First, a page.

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Web browsing typically involves a large amount of string manipulation. Mozilla has developed a hierarchy of C++ classes to facilitate such manipulation and to render it efficient and quick. To make communication among objects simpler and more error free, Mozilla uses interfaces, which are, in essence, abstract classes. The string hierarchy is also headed up by a set of abstract classes, nsAString, nsASingleFragmentString, and nsAFlatString, and for the same reasons. (These refer to double-byte strings. There is a parallel hierarchy topped with nsACString, etc., that refers to single-byte strings.) nsAString guarantees only a string of characters. nsASingleFragmentString guarantees that the characters will be stored in a single buffer. nsAFlatString guarantees that the characters will be stored in a single null-terminated buffer. While there are underlying concrete classes, in general it is best to use the most abstract type possible in a given situation. For example, concantenation can be done virtually, through the use of pointers, resulting in an nsAString that can be used like any other string. This saves the allocating and copying that would otherwise have to be done. For more information, see "Guide to the Mozilla string classes" at www.mozilla.org/projects/xpcom/string-guide.html.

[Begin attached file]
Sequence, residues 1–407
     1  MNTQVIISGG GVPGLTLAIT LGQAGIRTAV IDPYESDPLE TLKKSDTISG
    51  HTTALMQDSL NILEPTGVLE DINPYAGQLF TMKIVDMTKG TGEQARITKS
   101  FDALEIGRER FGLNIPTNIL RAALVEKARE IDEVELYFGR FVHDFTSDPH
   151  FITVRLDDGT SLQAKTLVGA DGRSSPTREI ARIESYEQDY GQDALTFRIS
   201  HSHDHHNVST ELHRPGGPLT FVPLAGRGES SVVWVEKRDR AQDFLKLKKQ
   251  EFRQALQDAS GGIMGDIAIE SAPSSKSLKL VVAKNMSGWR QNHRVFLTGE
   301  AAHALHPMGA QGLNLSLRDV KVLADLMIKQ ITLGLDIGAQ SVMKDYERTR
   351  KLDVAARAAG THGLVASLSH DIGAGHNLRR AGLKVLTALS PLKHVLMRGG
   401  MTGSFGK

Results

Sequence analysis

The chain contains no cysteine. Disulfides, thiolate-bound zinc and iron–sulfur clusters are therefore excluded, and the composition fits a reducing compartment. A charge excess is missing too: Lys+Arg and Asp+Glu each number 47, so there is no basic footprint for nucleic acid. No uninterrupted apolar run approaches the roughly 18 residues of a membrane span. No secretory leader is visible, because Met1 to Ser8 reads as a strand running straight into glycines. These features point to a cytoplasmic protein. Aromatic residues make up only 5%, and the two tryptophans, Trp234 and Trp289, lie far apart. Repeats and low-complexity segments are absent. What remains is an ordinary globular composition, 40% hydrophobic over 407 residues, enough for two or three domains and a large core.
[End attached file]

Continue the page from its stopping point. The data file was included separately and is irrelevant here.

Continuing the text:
| Written by: Ellen Evans | Comments, questions, complaints?